Launching an activity can be quite expensive. It may involve creating a new Linux process, allocating memory for all the UI objects, inflating all the objects from XML layouts, and setting up the whole screen. Since we’re doing a lot of work to launch an activity, it would be a waste to just toss it out once the user leaves that screen. To avoid this waste, the activity life cycle is managed via Activity Manager.

Activity Manager is responsible for creating, destroying, and managing activities. For example, when the user starts an application for the first time, the Activity Manager will create its activity and put it onto the screen. Later, when the user switches screens, the Activity Manager will move that previous activity to a holding place. This way, if the user wants to go back to an older activity, it can be started more quickly. Older activities that the user hasn’t used in a while will be destroyed in order to free more space for the currently active one. This mechanism is designed to help improve the speed of the user interface and thus improve the overall user experience.

Programming for Android is conceptually different than programming for some other environments. In Android, you find yourself responding more to certain changes in the state of your application rather than driving that change yourself. It is a managed, container-based environment similar to programming for Java applets or servlets. So, when it comes to an activity life cycle, you don’t get to say what state the activity is in, but you have plenty of opportunity to say what happens during the transitions from state to state. Figure 4-1 shows the states that an activity can go through.

Activity life cycle

Figure 4-1. Activity life cycle

Starting state

When an activity doesn’t exist in memory, it is in a starting state. While it’s starting up, the activity will go through a whole set of callback methods that you as a developer have an opportunity to fill out. Eventually, the activity will be in a running state.

Keep in mind that this transition from starting state to running state is one of the most expensive operations in terms of computing time, and this also directly affects the battery life of the device. This is the exact reason why we don’t automatically destroy activities that are no longer shown. The user might want to come back to them, so we keep them around for a while.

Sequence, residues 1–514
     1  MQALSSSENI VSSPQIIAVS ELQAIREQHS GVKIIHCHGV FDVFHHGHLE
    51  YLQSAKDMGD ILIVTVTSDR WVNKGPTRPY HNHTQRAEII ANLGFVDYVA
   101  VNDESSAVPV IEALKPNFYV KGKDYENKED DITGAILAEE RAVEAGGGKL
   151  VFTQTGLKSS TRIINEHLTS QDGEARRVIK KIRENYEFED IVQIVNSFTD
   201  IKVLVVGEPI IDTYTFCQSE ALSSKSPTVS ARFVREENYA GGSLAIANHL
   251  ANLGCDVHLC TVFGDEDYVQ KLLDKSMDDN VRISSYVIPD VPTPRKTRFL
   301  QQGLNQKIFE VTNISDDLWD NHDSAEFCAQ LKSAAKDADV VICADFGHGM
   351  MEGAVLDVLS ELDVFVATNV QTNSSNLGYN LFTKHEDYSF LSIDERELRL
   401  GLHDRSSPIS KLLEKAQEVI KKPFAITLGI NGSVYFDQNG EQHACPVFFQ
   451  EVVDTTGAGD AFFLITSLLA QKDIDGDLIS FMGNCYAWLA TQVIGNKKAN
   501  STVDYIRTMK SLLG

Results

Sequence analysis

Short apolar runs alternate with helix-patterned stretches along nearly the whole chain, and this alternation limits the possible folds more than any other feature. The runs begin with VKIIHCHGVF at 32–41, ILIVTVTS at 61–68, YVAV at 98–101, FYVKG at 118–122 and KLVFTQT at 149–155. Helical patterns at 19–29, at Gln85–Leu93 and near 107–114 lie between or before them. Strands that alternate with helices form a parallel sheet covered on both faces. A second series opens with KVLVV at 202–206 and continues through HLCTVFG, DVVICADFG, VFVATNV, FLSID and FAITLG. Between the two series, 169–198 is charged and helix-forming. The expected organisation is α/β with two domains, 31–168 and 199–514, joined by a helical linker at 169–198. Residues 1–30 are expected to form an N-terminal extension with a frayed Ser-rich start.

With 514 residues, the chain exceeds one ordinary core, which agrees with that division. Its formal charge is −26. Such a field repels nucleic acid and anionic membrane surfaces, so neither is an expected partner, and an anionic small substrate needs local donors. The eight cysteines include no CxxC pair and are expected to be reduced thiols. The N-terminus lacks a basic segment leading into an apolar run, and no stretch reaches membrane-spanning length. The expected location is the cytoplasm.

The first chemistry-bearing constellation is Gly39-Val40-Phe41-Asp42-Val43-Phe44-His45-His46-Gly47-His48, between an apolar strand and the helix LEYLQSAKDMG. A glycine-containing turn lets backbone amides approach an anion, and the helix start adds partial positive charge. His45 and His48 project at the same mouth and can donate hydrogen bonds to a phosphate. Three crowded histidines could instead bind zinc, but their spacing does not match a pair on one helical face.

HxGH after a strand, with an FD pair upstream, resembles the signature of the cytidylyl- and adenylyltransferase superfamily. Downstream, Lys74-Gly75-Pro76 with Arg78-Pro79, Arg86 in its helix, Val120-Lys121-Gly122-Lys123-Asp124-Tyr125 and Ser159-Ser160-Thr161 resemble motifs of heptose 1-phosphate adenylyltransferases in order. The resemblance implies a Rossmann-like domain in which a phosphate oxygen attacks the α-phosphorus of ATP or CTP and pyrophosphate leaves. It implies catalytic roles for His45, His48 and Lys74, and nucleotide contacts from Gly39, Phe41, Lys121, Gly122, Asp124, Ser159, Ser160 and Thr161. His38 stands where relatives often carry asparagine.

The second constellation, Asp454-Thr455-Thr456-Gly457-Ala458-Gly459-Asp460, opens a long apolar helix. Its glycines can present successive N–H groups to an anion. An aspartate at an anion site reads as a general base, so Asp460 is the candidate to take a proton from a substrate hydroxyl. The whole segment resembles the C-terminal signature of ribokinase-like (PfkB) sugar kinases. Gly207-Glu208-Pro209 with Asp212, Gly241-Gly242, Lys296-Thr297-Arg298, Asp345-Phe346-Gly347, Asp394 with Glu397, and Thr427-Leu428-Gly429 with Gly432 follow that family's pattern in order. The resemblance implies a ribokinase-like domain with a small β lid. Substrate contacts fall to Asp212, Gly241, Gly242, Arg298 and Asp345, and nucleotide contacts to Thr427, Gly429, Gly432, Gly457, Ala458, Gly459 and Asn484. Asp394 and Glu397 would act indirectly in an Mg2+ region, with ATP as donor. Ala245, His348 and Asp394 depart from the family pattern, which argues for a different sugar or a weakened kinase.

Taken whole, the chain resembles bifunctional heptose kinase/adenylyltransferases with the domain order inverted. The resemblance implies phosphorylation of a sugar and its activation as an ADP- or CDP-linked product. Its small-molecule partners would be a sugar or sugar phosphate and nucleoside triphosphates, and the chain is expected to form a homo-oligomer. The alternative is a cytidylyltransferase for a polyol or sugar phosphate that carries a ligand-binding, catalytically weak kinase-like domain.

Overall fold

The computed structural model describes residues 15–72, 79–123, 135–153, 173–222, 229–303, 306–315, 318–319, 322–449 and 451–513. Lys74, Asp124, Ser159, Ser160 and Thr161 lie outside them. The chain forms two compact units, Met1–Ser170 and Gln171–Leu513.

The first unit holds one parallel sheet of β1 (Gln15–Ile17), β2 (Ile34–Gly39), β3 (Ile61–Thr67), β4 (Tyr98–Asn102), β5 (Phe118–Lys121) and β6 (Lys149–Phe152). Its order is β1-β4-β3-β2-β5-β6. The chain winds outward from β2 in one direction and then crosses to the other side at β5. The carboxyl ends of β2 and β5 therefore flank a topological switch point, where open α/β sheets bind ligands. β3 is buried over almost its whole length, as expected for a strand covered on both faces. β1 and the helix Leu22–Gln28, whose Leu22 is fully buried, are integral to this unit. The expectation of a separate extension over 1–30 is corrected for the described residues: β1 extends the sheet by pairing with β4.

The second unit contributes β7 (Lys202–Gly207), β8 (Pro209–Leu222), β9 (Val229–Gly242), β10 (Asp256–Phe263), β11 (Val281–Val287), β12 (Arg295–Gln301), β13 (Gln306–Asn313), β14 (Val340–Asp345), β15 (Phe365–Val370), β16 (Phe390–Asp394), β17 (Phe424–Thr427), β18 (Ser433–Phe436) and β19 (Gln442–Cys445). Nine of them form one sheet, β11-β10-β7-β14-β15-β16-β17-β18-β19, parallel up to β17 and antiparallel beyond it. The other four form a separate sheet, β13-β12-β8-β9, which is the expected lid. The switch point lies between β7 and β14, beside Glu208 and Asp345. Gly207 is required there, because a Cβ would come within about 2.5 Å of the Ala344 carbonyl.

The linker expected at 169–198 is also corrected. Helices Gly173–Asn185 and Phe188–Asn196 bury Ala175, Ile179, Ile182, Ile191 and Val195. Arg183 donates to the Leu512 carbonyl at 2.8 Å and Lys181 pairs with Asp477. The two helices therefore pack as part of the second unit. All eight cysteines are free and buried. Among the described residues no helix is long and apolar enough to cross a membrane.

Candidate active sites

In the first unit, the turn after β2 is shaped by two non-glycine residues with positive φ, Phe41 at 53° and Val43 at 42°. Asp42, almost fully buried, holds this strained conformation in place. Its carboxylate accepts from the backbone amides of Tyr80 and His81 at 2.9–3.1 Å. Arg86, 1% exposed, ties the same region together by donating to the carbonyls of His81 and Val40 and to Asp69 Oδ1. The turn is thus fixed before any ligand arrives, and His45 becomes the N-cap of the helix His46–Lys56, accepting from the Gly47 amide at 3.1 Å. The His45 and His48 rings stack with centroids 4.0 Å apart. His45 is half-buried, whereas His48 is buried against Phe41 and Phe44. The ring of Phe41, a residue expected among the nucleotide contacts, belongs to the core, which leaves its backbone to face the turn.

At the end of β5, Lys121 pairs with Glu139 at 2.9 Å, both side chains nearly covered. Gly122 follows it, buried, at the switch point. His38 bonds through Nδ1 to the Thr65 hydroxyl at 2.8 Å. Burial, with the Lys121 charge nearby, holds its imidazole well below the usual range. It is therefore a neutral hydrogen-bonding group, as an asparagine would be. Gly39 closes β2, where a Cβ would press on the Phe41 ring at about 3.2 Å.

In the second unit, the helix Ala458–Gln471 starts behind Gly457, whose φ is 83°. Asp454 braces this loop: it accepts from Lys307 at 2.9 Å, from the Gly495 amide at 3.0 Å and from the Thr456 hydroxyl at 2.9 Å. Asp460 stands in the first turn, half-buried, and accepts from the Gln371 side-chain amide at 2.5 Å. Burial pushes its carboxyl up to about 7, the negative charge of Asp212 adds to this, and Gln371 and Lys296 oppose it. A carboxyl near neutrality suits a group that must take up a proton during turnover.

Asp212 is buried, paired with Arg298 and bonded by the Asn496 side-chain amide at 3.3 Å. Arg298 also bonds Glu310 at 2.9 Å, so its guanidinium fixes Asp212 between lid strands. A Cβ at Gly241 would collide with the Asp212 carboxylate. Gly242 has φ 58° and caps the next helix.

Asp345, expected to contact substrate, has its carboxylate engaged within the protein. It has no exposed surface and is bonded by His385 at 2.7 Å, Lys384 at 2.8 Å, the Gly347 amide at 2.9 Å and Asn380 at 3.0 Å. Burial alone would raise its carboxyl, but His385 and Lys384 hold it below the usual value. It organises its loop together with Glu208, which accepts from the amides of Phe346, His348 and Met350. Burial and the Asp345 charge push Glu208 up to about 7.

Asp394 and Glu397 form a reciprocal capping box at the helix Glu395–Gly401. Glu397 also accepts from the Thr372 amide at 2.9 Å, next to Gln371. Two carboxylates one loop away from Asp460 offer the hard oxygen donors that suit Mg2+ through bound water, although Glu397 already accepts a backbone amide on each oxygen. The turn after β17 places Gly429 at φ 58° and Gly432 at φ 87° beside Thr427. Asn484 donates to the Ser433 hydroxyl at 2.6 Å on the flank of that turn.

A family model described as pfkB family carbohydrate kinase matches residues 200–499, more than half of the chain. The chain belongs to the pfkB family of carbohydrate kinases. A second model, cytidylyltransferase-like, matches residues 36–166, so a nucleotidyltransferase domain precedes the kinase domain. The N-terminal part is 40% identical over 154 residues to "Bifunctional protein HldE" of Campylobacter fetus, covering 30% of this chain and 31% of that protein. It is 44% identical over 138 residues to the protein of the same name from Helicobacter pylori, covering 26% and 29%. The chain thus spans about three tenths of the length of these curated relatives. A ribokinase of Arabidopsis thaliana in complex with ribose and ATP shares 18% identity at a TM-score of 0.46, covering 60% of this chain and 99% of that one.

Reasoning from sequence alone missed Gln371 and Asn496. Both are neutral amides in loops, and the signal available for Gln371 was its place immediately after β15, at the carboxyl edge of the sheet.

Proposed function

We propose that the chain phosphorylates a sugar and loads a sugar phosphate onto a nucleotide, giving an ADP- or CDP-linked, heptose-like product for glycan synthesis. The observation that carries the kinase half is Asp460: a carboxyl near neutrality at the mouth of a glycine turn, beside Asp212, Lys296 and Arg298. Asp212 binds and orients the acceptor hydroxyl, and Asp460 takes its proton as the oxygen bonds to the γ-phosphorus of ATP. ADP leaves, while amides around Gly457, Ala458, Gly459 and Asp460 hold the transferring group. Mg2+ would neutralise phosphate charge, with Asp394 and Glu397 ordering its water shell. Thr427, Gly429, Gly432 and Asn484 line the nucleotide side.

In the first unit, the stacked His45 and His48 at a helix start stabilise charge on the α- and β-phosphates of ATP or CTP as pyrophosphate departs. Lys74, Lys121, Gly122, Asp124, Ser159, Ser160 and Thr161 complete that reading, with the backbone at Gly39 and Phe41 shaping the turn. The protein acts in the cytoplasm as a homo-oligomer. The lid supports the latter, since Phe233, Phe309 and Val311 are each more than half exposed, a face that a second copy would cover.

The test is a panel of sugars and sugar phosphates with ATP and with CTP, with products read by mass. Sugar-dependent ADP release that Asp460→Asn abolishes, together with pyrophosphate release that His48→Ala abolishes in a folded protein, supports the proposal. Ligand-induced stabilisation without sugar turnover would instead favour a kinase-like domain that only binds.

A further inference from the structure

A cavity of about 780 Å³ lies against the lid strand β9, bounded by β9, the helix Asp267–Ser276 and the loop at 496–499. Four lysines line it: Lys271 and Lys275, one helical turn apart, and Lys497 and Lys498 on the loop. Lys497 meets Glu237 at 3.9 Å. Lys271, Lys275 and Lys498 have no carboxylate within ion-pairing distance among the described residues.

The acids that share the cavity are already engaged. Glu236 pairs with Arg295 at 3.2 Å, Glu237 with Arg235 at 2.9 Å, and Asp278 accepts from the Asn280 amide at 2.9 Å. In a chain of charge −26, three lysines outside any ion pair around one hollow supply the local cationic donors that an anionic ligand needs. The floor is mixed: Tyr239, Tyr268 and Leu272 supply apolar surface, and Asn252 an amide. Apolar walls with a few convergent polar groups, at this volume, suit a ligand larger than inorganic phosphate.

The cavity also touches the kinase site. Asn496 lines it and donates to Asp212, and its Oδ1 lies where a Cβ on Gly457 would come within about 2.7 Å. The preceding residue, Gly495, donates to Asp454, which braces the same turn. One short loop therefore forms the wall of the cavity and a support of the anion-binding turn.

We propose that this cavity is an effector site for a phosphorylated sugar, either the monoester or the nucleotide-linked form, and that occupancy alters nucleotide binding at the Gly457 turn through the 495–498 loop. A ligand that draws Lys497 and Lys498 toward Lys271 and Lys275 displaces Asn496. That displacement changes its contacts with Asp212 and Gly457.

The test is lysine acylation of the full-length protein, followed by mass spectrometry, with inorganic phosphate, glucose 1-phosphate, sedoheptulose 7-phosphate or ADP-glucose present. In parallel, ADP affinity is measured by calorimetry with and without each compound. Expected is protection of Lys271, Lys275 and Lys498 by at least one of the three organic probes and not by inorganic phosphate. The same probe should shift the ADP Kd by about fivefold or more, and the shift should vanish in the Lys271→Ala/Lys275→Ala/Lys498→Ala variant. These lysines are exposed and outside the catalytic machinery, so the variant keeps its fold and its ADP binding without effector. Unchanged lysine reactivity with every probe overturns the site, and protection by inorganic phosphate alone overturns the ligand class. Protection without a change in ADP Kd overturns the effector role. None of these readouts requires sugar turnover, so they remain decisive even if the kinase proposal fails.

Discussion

Running state

The activity in a running state is the one that is currently on the screen and interacting with the user. We also say this activity is in focus, meaning that all user interactions—such as typing, touching the screen, and clicking buttons—are handled by this one activity. As such, there is only one running activity at any given time.

The running activity is the one that has priority in terms of getting the memory and resources it needs to run as quickly as possible. This is because Android wants to make sure the running activity is zippy and responsive to the user.

Paused state

When an activity is not in focus (i.e., not interacting with the user) but still visible on the screen, we say it’s in a paused state. This is not a typical scenario, because the device’s screen is usually small, and an activity is either taking up the whole screen or none at all. We often see this case with dialog boxes that come up in front of an activity, causing it to become Paused. All activities go through a paused state en route to being stopped.

Paused activities still have high priority in terms of getting memory and other resources. This is because they are visible and cannot be removed from the screen without making it look very strange to the user.

Stopped state

When an activity is not visible, but still in memory, we say it’s in a stopped state. Stopped activity could be brought back to the front to become a Running activity again. Or, it could be destroyed and removed from memory.

The system keeps activities around in a stopped state because it is likely that the user will still want to get back to those activities some time soon, and restarting a stopped activity is far cheaper than starting an activity from scratch. That is because we already have all the objects loaded in memory and simply have to bring it all up to the foreground.

Stopped activities can be removed from memory at any point.

Destroyed state

A destroyed activity is no longer in memory. The Activity Manager decided that this activity is no longer needed and has removed it. Before the activity is destroyed, it can perform certain actions, such as save any unsaved information. However, there’s no guarantee that your activity will be stopped prior to being destroyed. It is possible for a paused activity to be destroyed as well. For that reason, it is better to do important work, such as saving unsaved data, en route to a paused state rather than a destroyed state.


The fact that an activity is in a running state doesn’t mean it’s doing much. It could be just sitting there and waiting for user input. Similarly, an activity in a stopped state is not necessarily doing nothing. The state names mostly refer to how active the activity is with respect to user input, in other words, whether an activity is visible, in focus, or not visible at all.